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Foreclosure Suicides Reveal Darkest Side of The Housing Crisis

Some of the grimmest human carnage of the housing crash is emerging as a new federal study shows foreclosure-related suicides spiked by 253 percent.

The grimmest human carnage of the housing crash is beginning to emerge as a new federal study shows foreclosure-related suicides spiked by 253 percent between 2005 and 2010. Researchers at the U.S. Centers for Disease Control and Prevention examined the suicides of homeowners from 16 states who were in the process of losing their homes to foreclosure or already had been booted from the premises. In 2010, the number of such ex-homeowners who took their lives was 106, up from 30 in 2005.

“Foreclosure may be exceptionally stressful, because it is very protracted and consists of multiple negative events,” said Katherine A. Fowler, a CDC researcher and lead author. “… Other studies show that people tend to become more depressed about negative life events for which they feel personally responsible, and for which they can’t control the outcome.” One promising trend following those tragedies: June marked the lowest level of foreclosure filings — 107,194 — since July 2006, according to RealtyTrac, a foreclosure sales and analytics company.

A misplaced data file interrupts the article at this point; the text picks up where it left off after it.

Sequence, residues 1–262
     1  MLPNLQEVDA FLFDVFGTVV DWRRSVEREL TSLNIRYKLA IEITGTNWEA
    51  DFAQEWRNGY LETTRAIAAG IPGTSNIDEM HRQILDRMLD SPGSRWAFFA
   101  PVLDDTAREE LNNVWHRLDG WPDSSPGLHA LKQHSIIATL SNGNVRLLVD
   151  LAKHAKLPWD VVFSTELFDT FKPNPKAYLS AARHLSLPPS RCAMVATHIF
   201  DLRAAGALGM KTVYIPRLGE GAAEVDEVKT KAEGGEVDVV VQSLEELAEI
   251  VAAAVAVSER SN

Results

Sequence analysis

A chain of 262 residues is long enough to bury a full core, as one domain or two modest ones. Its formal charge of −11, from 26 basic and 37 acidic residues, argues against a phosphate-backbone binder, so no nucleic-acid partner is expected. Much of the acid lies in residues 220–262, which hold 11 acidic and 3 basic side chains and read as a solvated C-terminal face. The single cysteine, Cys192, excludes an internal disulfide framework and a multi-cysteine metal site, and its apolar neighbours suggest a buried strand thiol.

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Foreclosure rates decline in most of US

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